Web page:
Last week, a federal appeals court stayed a previously discussed decision by a Tallahassee Florida judge to preempt the Florida constitutional process by inventing federal constitutional objections to Florida’s system for restoring felons’ civil rights. Because this opinion ran sharply athwart settled constitutional law, its chief effect was to change the optics of a Florida constitutional amendment expected on the ballot in November. The Eleventh Circuit Court of Appeals rejected the trial court’s attempt to legislate from the bench and ensured that any changes to current law will be orderly and only through the democratic process.
The trial court’s implicit holding that reinstatement of felons’ right to vote is an entitlement rather than an act of mercy is bizarre when placed within its historical context. At common law, the term “felony” denoted an offense for which the convicted would either be executed or ousted from his property. In either event, he would be ineligible to vote. The Fourteenth Amendment, passed in the wake of reconstruction to secure civil rights for all, specifically contemplated that felons would forfeit their right to vote along with their freedom. All felons are warned of this consequence during plea and/or sentencing.
Article IV, Section 8 of the Florida Constitution provides a mechanism to restore civil rights to felons. Because this process requires an individualized assessment, discretion is vested in our democratically elected officials to determine which felons are sufficiently rehabilitated to exercise this weighty power. The federal trial court purported to usurp this power and supervise the Florida Cabinet in exercising this constitutional duty despite admitting its lack of expertise.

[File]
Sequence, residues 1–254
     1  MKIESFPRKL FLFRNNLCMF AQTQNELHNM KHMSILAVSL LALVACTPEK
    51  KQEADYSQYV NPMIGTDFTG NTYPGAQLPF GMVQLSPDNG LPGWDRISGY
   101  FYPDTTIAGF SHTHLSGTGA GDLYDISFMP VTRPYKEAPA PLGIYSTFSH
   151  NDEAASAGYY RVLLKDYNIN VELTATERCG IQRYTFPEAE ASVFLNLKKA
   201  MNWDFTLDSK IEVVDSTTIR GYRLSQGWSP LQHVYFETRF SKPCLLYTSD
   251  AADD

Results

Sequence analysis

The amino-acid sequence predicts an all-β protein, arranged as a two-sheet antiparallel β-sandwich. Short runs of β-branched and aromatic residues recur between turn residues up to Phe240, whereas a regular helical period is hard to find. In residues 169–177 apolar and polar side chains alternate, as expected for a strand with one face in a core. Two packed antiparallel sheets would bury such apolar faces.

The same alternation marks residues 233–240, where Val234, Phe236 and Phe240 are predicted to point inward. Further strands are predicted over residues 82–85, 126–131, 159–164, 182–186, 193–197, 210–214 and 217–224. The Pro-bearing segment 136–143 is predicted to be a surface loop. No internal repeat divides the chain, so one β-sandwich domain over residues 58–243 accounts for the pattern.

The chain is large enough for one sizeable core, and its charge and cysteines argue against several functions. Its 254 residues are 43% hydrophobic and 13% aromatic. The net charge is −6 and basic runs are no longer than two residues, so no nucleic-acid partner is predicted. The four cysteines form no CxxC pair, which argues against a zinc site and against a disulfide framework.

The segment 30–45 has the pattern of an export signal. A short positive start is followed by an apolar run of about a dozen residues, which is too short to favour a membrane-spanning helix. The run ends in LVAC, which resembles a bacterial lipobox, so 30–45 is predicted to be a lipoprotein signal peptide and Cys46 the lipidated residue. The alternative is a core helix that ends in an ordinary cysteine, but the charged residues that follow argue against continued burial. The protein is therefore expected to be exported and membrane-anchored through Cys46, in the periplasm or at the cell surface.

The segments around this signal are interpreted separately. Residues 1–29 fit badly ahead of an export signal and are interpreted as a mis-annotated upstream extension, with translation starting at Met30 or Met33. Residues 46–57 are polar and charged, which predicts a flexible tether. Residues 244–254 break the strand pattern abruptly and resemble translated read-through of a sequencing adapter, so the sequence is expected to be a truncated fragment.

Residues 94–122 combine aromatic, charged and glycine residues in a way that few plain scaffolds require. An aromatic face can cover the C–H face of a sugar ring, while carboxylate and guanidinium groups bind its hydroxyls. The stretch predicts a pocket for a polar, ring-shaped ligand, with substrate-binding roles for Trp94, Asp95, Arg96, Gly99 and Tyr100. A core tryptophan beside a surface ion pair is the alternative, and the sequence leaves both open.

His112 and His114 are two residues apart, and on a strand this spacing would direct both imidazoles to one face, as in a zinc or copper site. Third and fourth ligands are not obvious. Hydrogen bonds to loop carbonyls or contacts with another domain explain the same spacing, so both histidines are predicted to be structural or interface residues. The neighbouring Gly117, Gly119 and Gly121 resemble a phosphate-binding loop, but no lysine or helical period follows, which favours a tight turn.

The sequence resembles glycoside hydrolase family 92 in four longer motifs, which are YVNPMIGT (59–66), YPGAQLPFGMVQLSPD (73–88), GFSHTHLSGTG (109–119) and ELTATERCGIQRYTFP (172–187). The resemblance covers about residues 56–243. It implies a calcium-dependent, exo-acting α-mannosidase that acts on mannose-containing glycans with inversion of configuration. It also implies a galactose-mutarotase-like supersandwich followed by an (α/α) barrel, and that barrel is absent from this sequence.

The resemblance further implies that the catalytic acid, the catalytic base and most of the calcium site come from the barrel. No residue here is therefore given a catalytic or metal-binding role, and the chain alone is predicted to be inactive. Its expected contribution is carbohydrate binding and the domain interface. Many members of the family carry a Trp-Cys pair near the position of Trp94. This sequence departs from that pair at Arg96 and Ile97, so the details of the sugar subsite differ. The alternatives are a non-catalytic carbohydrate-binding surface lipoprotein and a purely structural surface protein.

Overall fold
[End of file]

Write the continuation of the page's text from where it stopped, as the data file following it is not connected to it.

This office has represented many convicted felons and routinely attempts to reduce, mitigate, or avoid punishment. However, no criminal defense client has ever sought legal services because he made good choices. Exercise of the vote impacts the lives of millions of other people. Convicted felons also lose their (constitutionally enumerated) right to own firearms upon conviction. Few would argue that this right should be restored automatically without an individualized assessment. The vote should be treated with similar care.
This shameless attempt to legislate from the bench, and the correction of that abuse by the 11th Circuit, underscores the vital work of Governor Scott and President Trump in selecting humble judges who will interpret the law without imposing their will.
Clients are once again warned about unethical prosecutors in the wake of the raid on Attorney Michael Cohen’s offices.
Attorney-client privilege and confidentiality are the oldest recognized privileges, dating back to 17th Century England. According to the United States Supreme Court, the assurance of confidentiality encourages clients to provide “full and frank” information to their lawyers, who are then able to provide candid advice on how clients may conform their conduct to the law.
The DOJ has undermined this centuries-old tradition and thwarted politicians’ attempts to obtain quality legal advice and ensure good government.
As Lavrentiy Beria (the Soviet counterpart to J. Edgar Hoover) said, “show me the man, and I’ll show you the crime.” Given the ease with which a grand jury will indict the proverbial ham sandwich, these tactics are not only unethical, they are strikingly ineffective.
For nearly a year, these investigations have monopolized resources needed for counterterror, counterintelligence, or enhanced background checks necessary to prevent school shootings. Sloppy case management and myopia continue to squander precious investigative time.